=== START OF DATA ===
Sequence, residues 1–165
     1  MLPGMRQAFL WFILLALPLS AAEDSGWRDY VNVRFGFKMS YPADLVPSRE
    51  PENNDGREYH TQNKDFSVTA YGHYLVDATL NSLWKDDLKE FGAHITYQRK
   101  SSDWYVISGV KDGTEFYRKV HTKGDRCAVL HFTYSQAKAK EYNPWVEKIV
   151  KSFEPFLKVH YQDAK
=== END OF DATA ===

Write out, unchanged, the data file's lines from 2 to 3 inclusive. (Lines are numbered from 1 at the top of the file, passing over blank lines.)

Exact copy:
     1  MLPGMRQAFL WFILLALPLS AAEDSGWRDY VNVRFGFKMS YPADLVPSRE
    51  PENNDGREYH TQNKDFSVTA YGHYLVDATL NSLWKDDLKE FGAHITYQRK